Wednesday, July 13, 2016

You better Belize it

I have decided to resurrect my blog now that I am part of Miami University's Global Field Program getting my Master's in Biology. Over the the next 2.5 years I will be traveling to foreign countries with classmates and learning about inquiry driven education, environmental stewardship and gaining a better understanding of global issues.

This year I had the opportunity to go to  Belize. During the trip we visited the Belize Zoo, Tobacco Cay and Mayan archaeological sites, but I am going to start from the beginning.

The first day really began the day before since I was lucky enough to be taking a red eye across the country from San Diego to Atlanta then down to Belize. I was really excited to be going somewhere new. Over the past 4 years since the last entry, I have been traveling, but just back to places I was familiar with, Costa Rica, Panama, Nicaragua and the US Virgin Islands. This was going to be the first new place and I was excited, but nervous and not sure what to expect. However, as I headed through customs I started seeing the yellow Earth Expedition tags on my classmates bags and we all started to connect and get to know the people we were going to spend the next 10 days with.

I had gotten in 3 hours before the class technically started so those of us who were there early had a long time waiting and chatting before we go on the bus and headed to the Belize Zoo. When we got to the zoo we met Jamal and he took us on a brief but very interesting tour of the zoo. We learned the history of all the animals in the zoo and that they were all natives and rescues.

Indy the Central American Tapir
Tayena, Greater One Horned Rhino
The first animal we saw was Indy the Central American tapir and he let us give in peanut treats. It was really neat to be so close to the rhinos closes relative. It was cool to their similarities up-close and differences. The main one that surprised me was the teeth they were very different than a rhinos and much sharper than I thought. I also found it interesting that tapirs face the same persecution for being feared. People that visit the Safari Park are always scared of rhinos and ask me if they will charge our truck or if it is okay that we are so close to them and for that reason we let guests feed and pet them to dispel some of those stereotypes. I learned that in Belize people feared tapirs, they thought these herbivores were ravenous beasts that would tear your skin off. The Belize Zoo has been doing guests interactions with these animals to allow the locals to gain appreciation and eliminate the fear of their national animal. This interaction really reminded of the important job zoos have to enlighten people of the natural wonders of animals from around the world, but more importantly instill some passion for animals found in your backyard.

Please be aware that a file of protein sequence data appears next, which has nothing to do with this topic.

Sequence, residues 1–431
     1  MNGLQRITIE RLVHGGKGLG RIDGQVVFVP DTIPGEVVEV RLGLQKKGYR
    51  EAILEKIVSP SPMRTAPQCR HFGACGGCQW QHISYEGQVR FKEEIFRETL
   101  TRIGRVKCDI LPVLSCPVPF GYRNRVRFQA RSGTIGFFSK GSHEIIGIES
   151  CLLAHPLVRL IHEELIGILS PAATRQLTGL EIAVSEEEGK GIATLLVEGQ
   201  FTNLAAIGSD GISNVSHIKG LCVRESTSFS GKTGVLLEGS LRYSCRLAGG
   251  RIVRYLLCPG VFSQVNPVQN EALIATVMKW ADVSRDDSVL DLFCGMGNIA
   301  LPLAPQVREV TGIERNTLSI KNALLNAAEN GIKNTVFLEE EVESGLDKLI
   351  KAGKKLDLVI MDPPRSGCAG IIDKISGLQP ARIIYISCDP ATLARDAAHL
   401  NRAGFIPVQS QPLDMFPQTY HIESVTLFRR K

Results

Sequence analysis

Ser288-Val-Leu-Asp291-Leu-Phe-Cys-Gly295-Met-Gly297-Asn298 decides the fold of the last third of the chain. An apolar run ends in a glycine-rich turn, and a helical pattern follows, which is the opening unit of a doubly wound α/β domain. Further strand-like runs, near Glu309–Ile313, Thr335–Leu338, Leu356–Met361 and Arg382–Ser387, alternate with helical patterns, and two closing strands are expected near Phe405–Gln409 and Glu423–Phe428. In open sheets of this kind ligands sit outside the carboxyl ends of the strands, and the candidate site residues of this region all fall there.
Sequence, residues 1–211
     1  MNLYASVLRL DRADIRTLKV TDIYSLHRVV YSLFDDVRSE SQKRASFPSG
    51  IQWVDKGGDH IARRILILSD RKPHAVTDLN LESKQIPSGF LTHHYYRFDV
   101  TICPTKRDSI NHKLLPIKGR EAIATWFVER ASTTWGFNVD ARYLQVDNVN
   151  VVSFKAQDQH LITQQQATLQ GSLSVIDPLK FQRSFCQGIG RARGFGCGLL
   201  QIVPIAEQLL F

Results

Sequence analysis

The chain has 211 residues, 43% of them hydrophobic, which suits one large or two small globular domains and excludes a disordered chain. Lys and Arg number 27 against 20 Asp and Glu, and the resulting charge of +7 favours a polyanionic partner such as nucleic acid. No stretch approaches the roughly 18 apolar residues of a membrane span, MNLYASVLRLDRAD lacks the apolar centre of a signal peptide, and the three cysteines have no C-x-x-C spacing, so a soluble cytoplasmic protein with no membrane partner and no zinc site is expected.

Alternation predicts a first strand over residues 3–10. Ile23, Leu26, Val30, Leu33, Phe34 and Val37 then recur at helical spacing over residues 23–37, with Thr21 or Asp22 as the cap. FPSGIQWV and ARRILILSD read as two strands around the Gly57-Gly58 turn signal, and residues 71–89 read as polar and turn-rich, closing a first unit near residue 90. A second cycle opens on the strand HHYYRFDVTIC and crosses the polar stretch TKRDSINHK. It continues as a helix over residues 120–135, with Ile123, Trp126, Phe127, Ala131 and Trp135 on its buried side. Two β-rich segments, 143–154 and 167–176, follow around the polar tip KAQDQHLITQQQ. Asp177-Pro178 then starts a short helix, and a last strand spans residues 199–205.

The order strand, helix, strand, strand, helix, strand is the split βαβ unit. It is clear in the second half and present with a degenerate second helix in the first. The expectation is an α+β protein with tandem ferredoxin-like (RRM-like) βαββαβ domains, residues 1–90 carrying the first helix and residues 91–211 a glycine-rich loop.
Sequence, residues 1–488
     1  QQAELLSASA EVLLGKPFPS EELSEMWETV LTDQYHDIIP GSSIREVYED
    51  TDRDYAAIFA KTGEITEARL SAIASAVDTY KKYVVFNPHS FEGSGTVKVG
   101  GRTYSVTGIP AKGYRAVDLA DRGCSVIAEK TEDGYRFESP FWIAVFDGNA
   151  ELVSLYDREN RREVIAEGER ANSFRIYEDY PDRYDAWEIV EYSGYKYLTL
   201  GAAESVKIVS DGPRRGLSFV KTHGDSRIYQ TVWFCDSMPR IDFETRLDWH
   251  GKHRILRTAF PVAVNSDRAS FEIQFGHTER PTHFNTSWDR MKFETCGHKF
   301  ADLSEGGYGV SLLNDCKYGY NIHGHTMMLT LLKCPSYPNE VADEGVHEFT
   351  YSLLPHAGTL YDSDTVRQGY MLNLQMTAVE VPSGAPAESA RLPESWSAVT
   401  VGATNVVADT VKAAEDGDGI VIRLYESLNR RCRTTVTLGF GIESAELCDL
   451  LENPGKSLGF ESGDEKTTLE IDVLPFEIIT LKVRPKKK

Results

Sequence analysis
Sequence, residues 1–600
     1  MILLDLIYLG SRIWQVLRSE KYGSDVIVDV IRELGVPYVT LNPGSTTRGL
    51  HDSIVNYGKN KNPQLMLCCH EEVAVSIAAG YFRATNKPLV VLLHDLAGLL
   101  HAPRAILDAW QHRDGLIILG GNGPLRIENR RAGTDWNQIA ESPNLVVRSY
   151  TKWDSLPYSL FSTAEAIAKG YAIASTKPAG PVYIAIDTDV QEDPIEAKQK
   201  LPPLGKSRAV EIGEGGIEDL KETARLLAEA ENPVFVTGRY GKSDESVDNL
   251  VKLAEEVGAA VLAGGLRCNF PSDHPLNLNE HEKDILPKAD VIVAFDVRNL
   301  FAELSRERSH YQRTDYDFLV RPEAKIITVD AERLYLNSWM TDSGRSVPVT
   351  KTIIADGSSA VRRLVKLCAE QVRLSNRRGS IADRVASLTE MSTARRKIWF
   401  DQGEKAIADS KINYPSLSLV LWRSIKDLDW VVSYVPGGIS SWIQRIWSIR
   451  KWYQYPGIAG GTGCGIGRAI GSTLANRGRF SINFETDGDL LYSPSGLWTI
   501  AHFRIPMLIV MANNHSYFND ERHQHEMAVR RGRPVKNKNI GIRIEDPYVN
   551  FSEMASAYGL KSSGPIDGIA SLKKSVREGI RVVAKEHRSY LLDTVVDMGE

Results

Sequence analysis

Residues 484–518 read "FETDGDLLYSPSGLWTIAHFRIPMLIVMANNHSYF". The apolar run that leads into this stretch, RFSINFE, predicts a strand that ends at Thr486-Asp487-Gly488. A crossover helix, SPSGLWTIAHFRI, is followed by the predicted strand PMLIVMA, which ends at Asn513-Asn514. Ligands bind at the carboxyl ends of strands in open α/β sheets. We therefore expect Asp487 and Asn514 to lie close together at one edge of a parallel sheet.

We continued the tour and saw the spider monkey, a macaw the king vultures and then we saw Rocky. Rocky was incredible, he is a jaguar that was rescued from a trap. In Belize, jaguars that are posing a problem for farmers can be destroyed, but the zoo in looking to stop this by being a safe place for these cats. They do a lot of outreach to the local community and so now when community members have a problem with a jaguar they call the zoo. The zoo is able to humanely capture and rescue the jaguar, This is how they came to have Rocky. We were able to get right up next to him and see his shear power. The most incredible part about seeing him was his recall. Jamal called him and he came running. In fact every animal seemed to know and love Jamal.

After the tour, we got to meet Sharon, the woman who started the zoo. She is incredible, she has such passion and she truly has spent the past 30 years devoted to the animals of Belize and making them accessible and  to change their stereotypes. She has worked hard to show people that the animals aren't scary and to dispel the myths surrounding them.

After the talk, we went to the Tropical Education Center for a great dinner of jerk chicken and rice and beans. Then to the cabins for a much needed sleep, before the following days activity of hanging out with some manatees.